Geary Act of 1892 Summary

  • Last updated on November 10, 2022

Enacted to reinforce and extend provisions of the Chinese Exclusion Act of 1882, the Geary Act prevented further immigration from China and required established Chinese residents of the United States to carry certificates of residence. The act grew out of an assumption that low-wage Chinese laborers were responsible for the economic downturn in the last quarter of the nineteenth century.

The [a]Chinese Exclusion Act of 1882;extension ofChinese Exclusion Act, passed in 1882, put a ten-year federal moratorium on the immigration of Chinese laborers, and increased restrictions on Chinese immigrants already living in the United States. When the act expired in 1892, a new bill was proposed by California Democratic congressman Geary, Thomas J.Thomas J. Geary. Geary’s bill extended the immigration moratorium for ten additional years and required existing Chinese immigrants to obtain official certificates of residence from the Internal Revenue Service;and Chinese immigrants[Chinese immigrants]Internal Revenue Service. Immigrants found without these certificates faced up to one year of hard labor followed by Deportation;and Geary Act of 1892[Geary Act of 1892]deportation. Bail was not permitted for immigrants arrested for being in the country illegally, and only a “credible white witness” could testify on behalf of an accused Chinese immigrant. The Geary Act was upheld by the U.S. Supreme Court in 1893, in [c]Fong Yue Ting v. UnitedStatesFong Yue Ting v. United States. In 1902, the act was extended indefinitely, but Congress eased restrictions during the 1920’s and finally removed them in 1943.[a]Geary Act of 1892[a]Geary Act of 1892[cat]EAST ASIAN IMMIGRANTS;Geary Act of 1892[01970][cat]LAWS;Geary Act of 1892[01970][cat]ANTI-IMMIGRANT MOVEMENTS AND POLICIES;Geary Act of 1892[01970][a]Geary Act of 1892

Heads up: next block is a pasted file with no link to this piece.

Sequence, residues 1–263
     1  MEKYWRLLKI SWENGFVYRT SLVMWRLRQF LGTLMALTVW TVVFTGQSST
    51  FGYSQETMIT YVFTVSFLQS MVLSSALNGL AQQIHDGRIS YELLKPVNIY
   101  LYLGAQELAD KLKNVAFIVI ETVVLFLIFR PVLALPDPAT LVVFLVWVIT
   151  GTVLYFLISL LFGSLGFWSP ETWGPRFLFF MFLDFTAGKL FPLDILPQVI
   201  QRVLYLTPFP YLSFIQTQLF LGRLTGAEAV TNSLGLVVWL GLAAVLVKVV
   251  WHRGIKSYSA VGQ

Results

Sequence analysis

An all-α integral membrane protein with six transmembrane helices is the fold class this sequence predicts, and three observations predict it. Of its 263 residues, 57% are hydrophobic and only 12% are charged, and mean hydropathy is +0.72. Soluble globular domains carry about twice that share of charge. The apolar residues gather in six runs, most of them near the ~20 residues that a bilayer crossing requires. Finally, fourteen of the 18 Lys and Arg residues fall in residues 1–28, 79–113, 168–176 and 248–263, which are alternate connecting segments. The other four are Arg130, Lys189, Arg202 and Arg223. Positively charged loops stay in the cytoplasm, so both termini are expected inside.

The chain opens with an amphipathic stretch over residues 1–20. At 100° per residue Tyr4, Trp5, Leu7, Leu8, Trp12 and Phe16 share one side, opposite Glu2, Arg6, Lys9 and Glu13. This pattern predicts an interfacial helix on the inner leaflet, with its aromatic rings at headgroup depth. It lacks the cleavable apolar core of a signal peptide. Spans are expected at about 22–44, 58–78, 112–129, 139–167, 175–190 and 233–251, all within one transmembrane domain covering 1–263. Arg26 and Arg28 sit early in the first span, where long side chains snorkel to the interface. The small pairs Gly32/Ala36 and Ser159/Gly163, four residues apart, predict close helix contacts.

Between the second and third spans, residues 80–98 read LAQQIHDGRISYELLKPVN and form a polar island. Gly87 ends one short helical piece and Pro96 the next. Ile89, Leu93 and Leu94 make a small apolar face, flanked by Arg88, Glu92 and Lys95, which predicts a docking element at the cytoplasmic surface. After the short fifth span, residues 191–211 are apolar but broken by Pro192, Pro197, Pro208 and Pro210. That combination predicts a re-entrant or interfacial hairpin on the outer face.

Further Reading
  • Ancheta, Angelo N. Race, Rights, and the Asian American Experience. Piscataway, N.J.: Rutgers University Press, 2006.
  • Kim, Hyung-chan. Asian Americans and the Supreme Court: A Documentary History. Westport, Conn.: Greenwood Press, 1992.
  • Motomura, Hiroshi. Americans in Waiting: The Lost Story of Immigration and Citizenship in the United States. New York: Oxford University Press, 2006.

Asian immigrants

Asiatic Exclusion League

Bayard-Zhang Treaty of 1888

Chinese Exclusion Act of 1882

Chinese immigrants

Congress, U.S.


Fong Yue Ting v. United States

History of immigration after 1891

McCreary Amendment of 1893

Categories: History